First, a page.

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Old 05-30-11, 07:41 PM   #15
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I'm a newbie, working up from 15 up to 20 miles. I carry water, but generously mixed with lemon or lime concentrate. I like tart drinks, and this one really quenches thirst for me. The citrus also helps prevent kidney stones. [If you've been hospitalized over them, you can appreciate that.]
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Old 05-30-11, 08:06 PM   #16
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Ok, thanks for the replies. It does not seem that I am too far off.

I will make sure that I have a decent breakfast an hour before the ride, and maybe skip the third clif bar.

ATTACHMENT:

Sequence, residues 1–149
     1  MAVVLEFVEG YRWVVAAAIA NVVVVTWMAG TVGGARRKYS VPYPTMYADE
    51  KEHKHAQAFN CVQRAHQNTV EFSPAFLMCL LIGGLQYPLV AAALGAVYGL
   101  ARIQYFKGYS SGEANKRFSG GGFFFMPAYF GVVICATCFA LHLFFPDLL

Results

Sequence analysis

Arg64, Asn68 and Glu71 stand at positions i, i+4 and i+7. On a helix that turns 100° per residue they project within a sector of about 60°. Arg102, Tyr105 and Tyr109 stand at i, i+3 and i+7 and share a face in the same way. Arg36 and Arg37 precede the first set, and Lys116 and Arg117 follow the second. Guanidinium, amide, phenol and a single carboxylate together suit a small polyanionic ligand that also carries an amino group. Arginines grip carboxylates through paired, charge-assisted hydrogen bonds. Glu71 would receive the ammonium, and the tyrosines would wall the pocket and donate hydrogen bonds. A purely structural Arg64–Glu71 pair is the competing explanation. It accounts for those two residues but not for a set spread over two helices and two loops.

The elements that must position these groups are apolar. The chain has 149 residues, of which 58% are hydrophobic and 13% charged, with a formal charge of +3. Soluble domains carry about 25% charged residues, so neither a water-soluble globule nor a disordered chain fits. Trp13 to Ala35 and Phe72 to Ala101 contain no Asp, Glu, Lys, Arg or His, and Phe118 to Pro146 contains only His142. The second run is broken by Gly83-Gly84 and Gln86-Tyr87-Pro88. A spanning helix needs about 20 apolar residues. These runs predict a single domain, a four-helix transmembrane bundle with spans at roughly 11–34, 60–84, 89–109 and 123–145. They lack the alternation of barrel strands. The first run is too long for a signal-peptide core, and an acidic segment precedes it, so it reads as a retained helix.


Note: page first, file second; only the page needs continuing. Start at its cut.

Clif bars are about 240 cal.

Water (or propel in my case) seems about right.
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Old 05-30-11, 09:43 PM   #17
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During heavy exercise you body can only absorb between 250-350 cal/hr. That's where the 250 calories number comes from. You can (of course) eat more than that but your body will only absorb so much. The rest is waste. That is why many people get sick on long rides when they eat too much. The food doesn't get digested and just sits there.

Gels are not meant to be food. They are supposed to be used as a quick boost. I'm not sure a cliff bar is going to work for you on consistent longer efforts. It depends on what is in there. If you are only going 60-70 miles you're probably fine with the clif bar and a good pre-ride meal. If you start doing longer distances you're going to want to look into some different fueling ideas.